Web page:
As Tom McKay approaches his 10th year of participation in the Enbridge Ride to Conquer Cancer presented by Evraz, and benefiting the Alberta Cancer Foundation, he can’t help but reflect on the mileage he’s covered so far. Since the inaugural two-day, 200-kilometre event in 2009, McKay has logged more than 1,800 event kilometres, countless training kilometres and has raised close to $50,000 for the Foundation.
Like many of the thousands of riders who participate in the event each year, McKay’s motivation stems from a personal connection to cancer. He lost his mother to breast cancer when he was in his twenties, and he was diagnosed with testicular cancer in 2005 — and declared cancer-free in 2011. Then, in 2016, McKay’s younger brother passed away due to pancreatic cancer, six short months after being diagnosed.
“In my family, cancer is just a huge problem,” says McKay. “Anything I can do to help, that’s what I’m going to do.”
McKay is one of 46 riders who have participated in the Ride to Conquer Cancer every year since it came to Alberta. In his first year, he rode a 1978 Raleigh 12-speed racing bike with the Rail Riders Team from CP Rail. It was his first experience riding amid such a large group and riding for such a long distance — and, thanks to his vintage bike, he did it with no easy gears.
“It was tough,” he says. “The route had a lot of wind on day two, and a lot of really tough hills.”
Still, McKay was in good shape and he crossed the finish line with a sense of accomplishment, raising just over $3,100. After that, he was hooked, returning year after year to ride, raise funds and reunite with volunteers and familiar riders. He also likes to share his ample experience with new riders each year.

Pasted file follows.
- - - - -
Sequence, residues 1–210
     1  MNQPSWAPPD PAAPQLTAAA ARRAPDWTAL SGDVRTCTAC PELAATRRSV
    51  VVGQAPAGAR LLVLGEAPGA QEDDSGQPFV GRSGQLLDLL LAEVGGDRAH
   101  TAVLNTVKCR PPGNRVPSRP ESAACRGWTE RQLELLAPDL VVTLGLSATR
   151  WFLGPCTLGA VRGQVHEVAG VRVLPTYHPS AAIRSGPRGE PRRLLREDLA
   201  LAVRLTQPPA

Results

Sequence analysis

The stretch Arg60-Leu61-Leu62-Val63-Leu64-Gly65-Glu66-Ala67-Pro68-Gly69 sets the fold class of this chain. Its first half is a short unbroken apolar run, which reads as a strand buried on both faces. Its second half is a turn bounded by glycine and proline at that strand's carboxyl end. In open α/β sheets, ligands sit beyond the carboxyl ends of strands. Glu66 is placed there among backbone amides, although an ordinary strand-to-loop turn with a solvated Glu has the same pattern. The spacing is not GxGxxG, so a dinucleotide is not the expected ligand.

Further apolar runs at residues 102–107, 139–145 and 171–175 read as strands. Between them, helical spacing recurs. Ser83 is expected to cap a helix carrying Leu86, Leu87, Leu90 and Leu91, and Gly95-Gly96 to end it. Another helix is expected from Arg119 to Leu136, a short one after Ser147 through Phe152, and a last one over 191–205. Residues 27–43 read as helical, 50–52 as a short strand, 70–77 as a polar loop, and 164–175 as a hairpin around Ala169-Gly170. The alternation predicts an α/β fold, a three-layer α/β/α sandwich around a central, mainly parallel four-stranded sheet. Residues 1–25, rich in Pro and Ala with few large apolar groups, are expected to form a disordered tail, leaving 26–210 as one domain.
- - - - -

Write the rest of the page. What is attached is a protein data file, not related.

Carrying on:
“I always look for new riders who look kind of lost at the start area, and I talk to them to reassure them and let them know a bit of what to expect,” he says.
McKay has long since replaced his vintage racing bike with a road bike, mounting a yellow “survivor flag” on its back. Over the last 10 years, he has ridden with teams that include the Rail Riders, Paladin West and, most recently, with Team Cross Cancer Institute — the Cross Cancer Institute is where his brother received treatment.
Now retired after a long career in finance at CP Rail, McKay no longer fits part of his training into his commute. Finding a five-hour window for a training ride, and dedicating hours to fundraising, means time spent away from his family — but he does it because he believes in the cause.
“I’m not a doctor, I’m not going to come up with a cure,” he says. “But by raising money, I feel that I’m helping in a small way.”
This year, the Enbridge Ride to Conquer Cancer takes place Aug. 18 to 19. Visit ride.conquercancer.ca/alberta for more information.